Ostensibly, this book is about a simple question: are humans alone in the universe? It has to go the long way around to come to any answers, exploring other arguments by way of figuring out whether the Earth is or isn’t rare in the universe and whether or not life is as tightly constrained as some people say, but the core principle of the book is that we need to find a middle ground between the current main ideas — the Copernican view that we can’t be unique, and the Rare Earth view that says life in the universe must be unusual.
Mostly, my wife got to watch me mutter “yes, obviously”, and I’m tempted to quote Lord Peter on Chief Inspector Parker here — it takes Scharf a desperately long time to someone who already has a somewhat formed opinion to “crawl distantly within sight of a conclusion”. That conclusion, in the end, is basically where I stand: not enough data, come back later (with a side of Scharf being pretty sure that neither extreme is going to turn out to be correct, with which I disagree — I think it’s all up for grabs at this point).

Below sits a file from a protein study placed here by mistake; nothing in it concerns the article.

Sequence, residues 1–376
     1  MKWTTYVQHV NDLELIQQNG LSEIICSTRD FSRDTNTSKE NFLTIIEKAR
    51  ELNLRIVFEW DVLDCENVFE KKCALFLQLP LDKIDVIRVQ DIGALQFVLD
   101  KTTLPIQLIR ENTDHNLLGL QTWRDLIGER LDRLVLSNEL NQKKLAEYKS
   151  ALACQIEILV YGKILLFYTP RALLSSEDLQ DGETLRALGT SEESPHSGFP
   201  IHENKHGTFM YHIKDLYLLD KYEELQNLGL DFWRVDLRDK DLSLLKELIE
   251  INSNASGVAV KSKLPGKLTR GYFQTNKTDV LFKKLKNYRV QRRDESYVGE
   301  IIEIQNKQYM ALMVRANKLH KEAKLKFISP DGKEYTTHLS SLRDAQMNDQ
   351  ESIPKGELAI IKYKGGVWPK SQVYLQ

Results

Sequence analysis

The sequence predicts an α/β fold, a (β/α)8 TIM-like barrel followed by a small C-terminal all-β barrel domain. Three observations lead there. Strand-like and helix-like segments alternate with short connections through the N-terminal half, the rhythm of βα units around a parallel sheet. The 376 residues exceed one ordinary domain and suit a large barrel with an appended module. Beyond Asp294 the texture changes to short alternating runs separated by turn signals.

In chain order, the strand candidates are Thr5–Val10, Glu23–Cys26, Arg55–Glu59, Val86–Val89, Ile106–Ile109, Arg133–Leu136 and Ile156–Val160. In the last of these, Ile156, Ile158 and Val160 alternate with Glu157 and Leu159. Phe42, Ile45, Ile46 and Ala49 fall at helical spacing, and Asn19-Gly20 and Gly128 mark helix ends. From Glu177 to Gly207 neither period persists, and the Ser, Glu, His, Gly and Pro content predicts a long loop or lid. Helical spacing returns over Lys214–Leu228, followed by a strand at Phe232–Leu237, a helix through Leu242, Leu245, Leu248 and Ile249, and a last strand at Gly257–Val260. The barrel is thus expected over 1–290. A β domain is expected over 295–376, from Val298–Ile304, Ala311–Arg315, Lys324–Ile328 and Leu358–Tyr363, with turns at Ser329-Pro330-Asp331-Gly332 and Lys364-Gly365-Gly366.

So anyway, if you want to know why I came to the conclusion I’ve written in my science blog recently (i.e. “we don’t know and we can’t know based on the current data we have”), this book has a good roundup of the evidence. Scharf isn’t bad at explaining it.
But if you’re looking for answers, I find it as unconvincing as all the other attempts at answering this question.